The purpose of this lab was to extract caffeine from tea leaves, crystallize it and determine whether or not our findings were actually caffeine by using a melting point determination. Introduction:
Caffeine is a member of compounds organic chemists call alkaloids. Alkaloids are organic compounds containing nitrogen. Caffeine can found in many things can act as both a stimulant and diuretic. The way we will observe our caffeine will come from a sample of tea. To obtain the caffeine, we were introduced to 4 different methods. These methods include: a) Extraction, b) sublimation, c) crystallization, and d) decantation. The methods we used include extraction and crystallization. In extraction, we created two different layers, one aqueous and one organic. To make the two layers, we added dichloromethane. After decanting, we placed the sample under the hood to crystallize. Procedure:
To a 200-400 mL flask, add 1 large (3 small bags) tea bag and 10 g of sodium carbonate.
In a separate beaker, boil 150 mL of water, then add to the flask containing the tea bags. Let this stand for 6-8 minutes, and then pour the liquid part into another flask. To the flask containing the tea bags, add another 30 mL of hot water and immediately add this to the first extract.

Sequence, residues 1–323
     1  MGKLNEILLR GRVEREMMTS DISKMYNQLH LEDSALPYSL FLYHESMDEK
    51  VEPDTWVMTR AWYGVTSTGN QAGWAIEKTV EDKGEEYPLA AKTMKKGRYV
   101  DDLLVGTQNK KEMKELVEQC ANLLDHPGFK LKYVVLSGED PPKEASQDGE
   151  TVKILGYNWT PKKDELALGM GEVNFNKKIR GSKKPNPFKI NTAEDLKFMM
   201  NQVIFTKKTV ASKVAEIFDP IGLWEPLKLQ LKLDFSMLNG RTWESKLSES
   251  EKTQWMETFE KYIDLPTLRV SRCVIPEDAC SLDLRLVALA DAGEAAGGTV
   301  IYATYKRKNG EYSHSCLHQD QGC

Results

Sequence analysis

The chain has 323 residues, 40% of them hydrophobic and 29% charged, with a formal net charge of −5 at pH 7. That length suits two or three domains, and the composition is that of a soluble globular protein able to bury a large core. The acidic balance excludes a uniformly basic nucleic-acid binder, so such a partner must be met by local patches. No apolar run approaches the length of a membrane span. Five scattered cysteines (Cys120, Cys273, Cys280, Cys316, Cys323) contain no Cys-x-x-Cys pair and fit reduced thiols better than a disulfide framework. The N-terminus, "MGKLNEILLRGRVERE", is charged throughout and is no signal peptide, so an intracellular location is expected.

Press the tea bag to expel as much liquid as possible without breaking the bag. Add this to the extract also. Cool extract to room temp and discard the tea bags.
Transfer the tea extract from the flask to a 125 mL separatory funnel supported by a ring on a ring stand.
Add 20 mL to the funnel. Stopper the funnel and grab the neck of the funnel with one hand and the stopcock with the other in a way that you can turn the plug in the barrel to open and close the stopcock. While holding the stopper tightly, invert the funnel so that the liquid is no longer in contact with the stopcock. Pointing the stem of the funnel away from...